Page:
hoped that parents mav know more
aboufr their children and that the .
children may be given a better start
j n life because of the knowledge gain-1
ed by their parents. |
Dr. B. S. Guyton, Ear, Eye* Nose 1
and Throat specialist from Univer
s ity of Mississippi, will assist in the
examinations. Dr.' William F. Wild,
former Director of Public Health in
the State of Kansas will assist, also
Dr. B. F. Gardner, who has been with
the International Health Board and
associated with public health work
in the West Indies Islands wall as
9ist . Dr. C. M. Shipp, of the State
Board of Health will conduct some
c f the examinations and all dental and
^.-a] examinations will be m:».le bv Drs.
Bailey, Dudley and Broadstreet, of
this city. With this corps cf physi
cians and their assistants., it will be
posible to examine as many children
^ will be brought in, and it is hoped
that parents from all parts of the
county will bring their children from
s i x months of age to five years in
f or examination. There is absolutely
charge made for these examina
tionc or fer anvthing connected with
the work for Better Babies,
at the Fair
Fnday—pa visited some relashuns
ot hissen & when he cum home today
ma & me was asking him all about
how they was and etc. &. he sed they;
had a lot of new chares & tables & \
in skie bords & furnicher and etc & ma t
ast him what kind of fur ticher did j
d tb <*y have. Pa answen d & replyed !
* hatwas thi «f Iike indigestion !
furm dlicr. ma cuddent und stand
he ment even J cuddent nee -
ther - later he sed that jt Was cver * 1
ff d h j ust had the name rong.
Saturday-me & Jake & T,d fiive
a show tod..y which was Unkel Tcms j
i_ a ^- n Jake jlaid Simon Legrec
Marks the lawyer & Miss Ofc-Iya. Ted
^ lzid To ^y & Little Eva - & Hzy on i
the ite bur ^ s & 1 had the hardest.
, whitch wj:s Unkel Tom & G 20
& th . . e blud hcu ... 2 pins
a j m : Q L nn h n tmnH *^1 of fun
Sund -v—ole -her^ 2 wimer scan- i
. ^P ntla y °. ve *~*u d • 'Y m * er - st< : n
dalling pa. 1 of them sed—-I wunder
h ° w h , e ^ thc
ot her 1 sed hj keeps her gessing.
Monday—Slim had a birthaay & his
t - ant sent him a new outfit of close, he
wore them to skool & there was noth
, f fc . t the shew
strings, he cernly was a site.
Tuesday—Wl, .n I gut hon-.e this
evening ma was full of xcitement.
she had Httle grrter sna ik treed in
the comer & was waveing a big close
prop at it. it was skared to & hist
*♦ couple hisses at her & she fainted
pritty near. I slue it with a
Wednesday—they was a partie at
a **e house which was gave by me &
P a - Iplaid a ir.nosent trick by putting
sr.lt in the snugar bole & 1 lady put
it in on her catrrys & when she et the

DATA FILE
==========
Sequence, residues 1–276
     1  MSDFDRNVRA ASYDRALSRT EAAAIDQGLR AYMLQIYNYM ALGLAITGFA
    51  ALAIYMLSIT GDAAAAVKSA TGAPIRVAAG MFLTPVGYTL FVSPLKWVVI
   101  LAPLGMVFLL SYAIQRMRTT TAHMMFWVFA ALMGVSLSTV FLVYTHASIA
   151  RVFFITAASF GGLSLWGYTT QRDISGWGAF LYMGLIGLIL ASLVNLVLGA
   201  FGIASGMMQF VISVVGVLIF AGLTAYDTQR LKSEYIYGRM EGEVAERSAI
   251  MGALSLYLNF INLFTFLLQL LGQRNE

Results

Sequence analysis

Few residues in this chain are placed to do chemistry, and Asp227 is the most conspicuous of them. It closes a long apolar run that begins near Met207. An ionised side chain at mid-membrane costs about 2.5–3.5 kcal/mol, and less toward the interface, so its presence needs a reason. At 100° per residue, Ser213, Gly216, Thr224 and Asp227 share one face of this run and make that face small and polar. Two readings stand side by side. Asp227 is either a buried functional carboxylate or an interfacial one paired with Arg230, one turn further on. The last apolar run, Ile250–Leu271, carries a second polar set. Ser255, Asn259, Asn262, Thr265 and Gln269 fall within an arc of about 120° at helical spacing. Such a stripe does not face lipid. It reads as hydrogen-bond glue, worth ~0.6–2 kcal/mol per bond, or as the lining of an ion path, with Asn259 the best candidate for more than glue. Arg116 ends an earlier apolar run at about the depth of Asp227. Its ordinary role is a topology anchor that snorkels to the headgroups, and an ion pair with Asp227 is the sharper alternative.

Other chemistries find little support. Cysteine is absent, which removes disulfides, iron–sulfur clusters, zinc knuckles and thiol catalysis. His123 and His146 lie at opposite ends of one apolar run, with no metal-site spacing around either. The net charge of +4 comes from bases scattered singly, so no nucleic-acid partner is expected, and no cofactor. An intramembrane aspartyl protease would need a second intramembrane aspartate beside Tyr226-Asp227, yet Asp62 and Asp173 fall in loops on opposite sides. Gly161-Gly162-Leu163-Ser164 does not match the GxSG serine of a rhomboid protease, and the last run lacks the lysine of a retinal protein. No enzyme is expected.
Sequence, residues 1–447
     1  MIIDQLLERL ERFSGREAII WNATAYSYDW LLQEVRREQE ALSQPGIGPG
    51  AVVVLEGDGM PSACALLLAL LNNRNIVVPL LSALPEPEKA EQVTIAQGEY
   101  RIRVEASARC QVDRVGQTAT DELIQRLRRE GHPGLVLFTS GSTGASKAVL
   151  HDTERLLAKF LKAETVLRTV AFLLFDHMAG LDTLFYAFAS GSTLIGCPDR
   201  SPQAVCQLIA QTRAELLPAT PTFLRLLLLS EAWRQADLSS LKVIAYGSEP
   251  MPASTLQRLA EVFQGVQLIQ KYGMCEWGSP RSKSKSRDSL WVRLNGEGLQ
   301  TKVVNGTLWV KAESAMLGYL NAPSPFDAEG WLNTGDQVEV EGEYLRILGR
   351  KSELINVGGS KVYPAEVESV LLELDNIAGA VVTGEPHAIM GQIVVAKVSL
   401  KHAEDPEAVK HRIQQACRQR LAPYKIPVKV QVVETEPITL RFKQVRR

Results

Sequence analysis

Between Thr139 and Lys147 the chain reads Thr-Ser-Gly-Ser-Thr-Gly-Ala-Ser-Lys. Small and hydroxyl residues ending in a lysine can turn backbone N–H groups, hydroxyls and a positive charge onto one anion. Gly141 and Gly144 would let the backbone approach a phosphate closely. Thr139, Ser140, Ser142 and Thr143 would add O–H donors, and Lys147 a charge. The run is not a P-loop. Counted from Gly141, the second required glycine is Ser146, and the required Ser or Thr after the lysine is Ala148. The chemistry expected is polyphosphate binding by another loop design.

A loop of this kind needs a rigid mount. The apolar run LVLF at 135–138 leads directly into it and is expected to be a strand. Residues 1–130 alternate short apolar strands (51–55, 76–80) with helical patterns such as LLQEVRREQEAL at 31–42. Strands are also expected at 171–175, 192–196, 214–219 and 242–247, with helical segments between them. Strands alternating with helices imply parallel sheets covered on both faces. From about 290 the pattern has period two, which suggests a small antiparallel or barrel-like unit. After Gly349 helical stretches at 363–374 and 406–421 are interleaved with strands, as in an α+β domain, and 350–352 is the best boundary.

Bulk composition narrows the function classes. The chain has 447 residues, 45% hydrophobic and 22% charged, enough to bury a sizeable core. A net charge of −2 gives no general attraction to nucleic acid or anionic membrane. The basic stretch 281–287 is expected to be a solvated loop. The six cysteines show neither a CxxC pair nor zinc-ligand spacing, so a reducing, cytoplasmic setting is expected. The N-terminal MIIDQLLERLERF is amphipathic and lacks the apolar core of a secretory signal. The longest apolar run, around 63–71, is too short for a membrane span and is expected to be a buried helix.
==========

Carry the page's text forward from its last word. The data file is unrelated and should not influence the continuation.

l £ t bite she made v. awful faco & run
0 '- : t the dore. pa got skared she had
swallered her false teeth. I thi .k I j
am under suspection. j
Thursday—carried a su* j case to ;
depo for a girl with rod hare &
eyes & a white dog whitch give
me a dime.
Previously acknowledged .
Dr. C. K. Bailey.
Re V . Woods filled hL regular np
pcintment at Gore Springs Su iday,
algo Sunday night,
$ 2.00
Mieses Blanche Clark and Velma
Koonce, of Grt.ysport, were visitors
in the home of Mr. and Mrs. E. L.
James Sunday.
Mr. Henry Rook has returned after
s P endin S some time with his sister,
Mrs. Hugh Jenkins, at Enid.
Mr. John Bradford, of Redding,
neighborhood, attended services at
Gore Springs Sunday and while here
a guest of his daughter, Mrs.
G. E- Chamberlain,
I Mr. V. R. Jrmes was seen out on
Route A again Sunday. Wonder what
the attraction is?
Mr. and Mrs. Wir.cton Caffey and
interesting children, were guests of
Mr. and Mrs. W. Lamtn Sunday,
afternoon with Miss Caiiy Johnson
and Mrs. Bardwell in the home of Mrs.
S. D. Johnson.
We are sorry to learn that Mr. and
Mrs. Robert Chapman are soon to
make their future Jiome with their
daughter, Mrs. Tom Anderson, near
Young's. Mr. Chapman, has reached
his four score years and has lived all
his life among the people of Route
A, with the exception of those dark
days spent in the war.
Mrs. W. B. Rcok spent Saturday
constitution OF THE STATE
Office of Secretary of State.'
Jackson, Miss., Oct. 14. 1920.,
v , . • i
At the regular session of the legis j
lature of the state of Mississippi, con
vened in the city of Jackson on the
(*th day of January, 1920, and adjourn
submitting to the qualified electors ol
the state tor ratification or rejection
a an election to be held on Tuesday,
after the first Monday in November
1920. being the 2nd of November 1920
Amendments to sections 170. 23L
241 243 and 9 72 of the constitution
. ** ,1U OI 1110 consiuuuuu
* tb f state of Mississippi which
?' lt "® nh are ,n * ords lollo * in e
. . _
^ M amendment to section 170
| of the 8ta te constitution, prescribing
1 jurisdiction of hoards of super
y i®ors over roads, ferries and
Resolved hv the i,.r rhi.
state of VlLsisIimP Twc/thirds oj
ea"h Hou 8 e ag^„ P g P themo Z .h"
folio win- amendmont tn mn I
§titution%e submitted to the nu llified
electors thS
rejection at an eleition to hi hld In'
thl ti ™ Tuidavlfter the flrlt tlon
day in Novembef, 1920. viz:
Each county shall be divided into
live districts. A resident free-holder ol
each district shall be selected in the
manner prescribed by law, and the
five so chosen shall constitute the
board of supervisors of the county, a
majority of whom mav transact busi
ness. The board of supervisors shall
have only such jurisdiction over roads,
ferries and bridges as may be pre
scribed by the legislature, to be exer
cised in accordance with such regula
tions as the legislature
Amend section 170 of the state «on
Bti'-ution so as to read as follows:
tions as the legislature may prescribe;